Yoga Sutra - Samādhi Pada 1.38
स्वप्ननिद्राज्ञानालम्बनमं वा ॥३८॥
svapna-nidrā-jñāna-ālambanaṃ vā ||38||
Or resting on knowledge [derived] from dream or sleep.
Or [the mind can become steady when it has] the knowledge attained from dreams and sleep as its support.
Vyāsa has little to say about this curious sūtra except to state, without clarification, that the yogī’s mind can take the form of objects of sleep, nidrā, and dream, svapna. Vācaspati Miśra and Rāmānanda Sarasvatī are a bit more specific: When the yogī reaches the point that he dreams of Īśvara, he awakes full of joy. Vācaspati Miśra identifies Īśvara here with Śiva as described in the Purāṇas—appearing like the moon in a secluded spot in a lonely forest, enrapturing the mind with his beauty, with limbs as soft as the lotus stem and a form like shining moonstone, draped with sweet-smelling garlands of mālatī and mallikā flowers. Then, awake, the yogī remembers this form and, absorbed in that vision, the mind becomes steady in meditation on Īśvara. One might add that, in order to be able to have such dreams of Īśvara at night, one has to think consistently of Īśvara during the day such that one’s citta is full of saṁskāra imprints of these meditations, which can then activate during the dream state. Dreaming occurs when the external senses are inactive and the saṁskāric imprints on the mind are active (in contrast to the deep of I.9, when both the sense objects in the external realm and their saṁskāric imprints in the internal realm are quiescent). But the saṁskāras that activate in dream tend to be those experiences that were the most vivid when awake.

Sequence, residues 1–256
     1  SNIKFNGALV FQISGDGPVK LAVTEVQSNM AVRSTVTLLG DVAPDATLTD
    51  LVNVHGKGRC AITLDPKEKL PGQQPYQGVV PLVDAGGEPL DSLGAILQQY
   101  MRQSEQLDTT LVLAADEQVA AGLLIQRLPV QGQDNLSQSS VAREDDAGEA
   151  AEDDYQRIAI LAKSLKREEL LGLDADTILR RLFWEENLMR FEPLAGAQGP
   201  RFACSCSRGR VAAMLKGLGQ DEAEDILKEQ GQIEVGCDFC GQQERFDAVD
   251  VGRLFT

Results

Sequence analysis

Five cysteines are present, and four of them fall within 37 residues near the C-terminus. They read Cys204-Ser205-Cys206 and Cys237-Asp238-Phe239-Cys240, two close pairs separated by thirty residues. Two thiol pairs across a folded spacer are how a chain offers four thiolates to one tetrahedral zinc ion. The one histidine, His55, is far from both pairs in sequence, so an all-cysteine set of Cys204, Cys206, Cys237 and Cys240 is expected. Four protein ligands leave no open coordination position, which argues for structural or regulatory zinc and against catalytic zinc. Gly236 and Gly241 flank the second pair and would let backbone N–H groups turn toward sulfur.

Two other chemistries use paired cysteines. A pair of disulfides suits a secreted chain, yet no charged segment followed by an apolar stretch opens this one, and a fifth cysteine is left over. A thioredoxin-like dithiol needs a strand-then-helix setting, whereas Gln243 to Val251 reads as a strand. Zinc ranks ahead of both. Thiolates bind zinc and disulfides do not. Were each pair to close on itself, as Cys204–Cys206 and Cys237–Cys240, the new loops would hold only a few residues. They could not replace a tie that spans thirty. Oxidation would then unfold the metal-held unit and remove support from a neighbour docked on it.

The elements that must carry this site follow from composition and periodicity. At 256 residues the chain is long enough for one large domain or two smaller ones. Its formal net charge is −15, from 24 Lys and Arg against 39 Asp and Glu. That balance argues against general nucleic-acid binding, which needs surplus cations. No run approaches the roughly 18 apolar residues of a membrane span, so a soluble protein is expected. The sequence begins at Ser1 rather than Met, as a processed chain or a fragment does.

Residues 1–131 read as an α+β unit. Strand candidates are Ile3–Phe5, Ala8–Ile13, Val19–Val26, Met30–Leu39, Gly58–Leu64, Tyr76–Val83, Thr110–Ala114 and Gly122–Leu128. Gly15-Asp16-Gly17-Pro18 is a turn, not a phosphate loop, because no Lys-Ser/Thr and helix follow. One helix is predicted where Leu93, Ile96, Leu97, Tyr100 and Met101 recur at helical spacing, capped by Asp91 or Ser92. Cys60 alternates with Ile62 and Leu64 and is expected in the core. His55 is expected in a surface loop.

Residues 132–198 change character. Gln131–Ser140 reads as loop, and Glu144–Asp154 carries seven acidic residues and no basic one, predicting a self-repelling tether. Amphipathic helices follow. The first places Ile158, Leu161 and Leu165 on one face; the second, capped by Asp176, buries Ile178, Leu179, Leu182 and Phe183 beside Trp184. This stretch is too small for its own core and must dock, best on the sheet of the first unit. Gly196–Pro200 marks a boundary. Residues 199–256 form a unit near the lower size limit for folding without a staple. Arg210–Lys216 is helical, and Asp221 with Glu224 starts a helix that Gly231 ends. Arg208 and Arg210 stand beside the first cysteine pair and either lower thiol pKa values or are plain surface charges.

Śaṅkara has a different take on this sūtra, which again reflects a Vedāntic perspective. During deep sleep, he says, the citta is free from all thought, which is a type of citta-vṛtti-nirodha (cessation of all thoughts) and thus approximates the goal of yoga. By meditating on this when awake, one tries to attain this state. (Of course, in normal deep sleep, this objectless state is due to tamas and is beyond the sleeper’s control; in meditation, one strives to attain this state as a result of cultivating sattva while fully awake.) The Vedānta tradition holds that the ātman achieves a state of union with Brahman during deep sleep, albeit still mediated by ignorance (Vedānta Sūtras III.2.7–8).
Vijñānabhikṣu puts a different Vedāntic spin on this sūtra and reads it as indicating that the waking state is actually like a dream from the perspective of the self-realized state because the objects of life are as perishable as those in a dream. Accordingly, contemplating dreams from this perspective produces realization of the ephemeral reality of life. Through the detachment from the world that results from such contemplation, the mind attains its desired steadiness and stability, which is the theme of this series of sūtras. Thus this somewhat curious sūtra allows a number of cogent interpretations, all in line with Yogic metaphysics.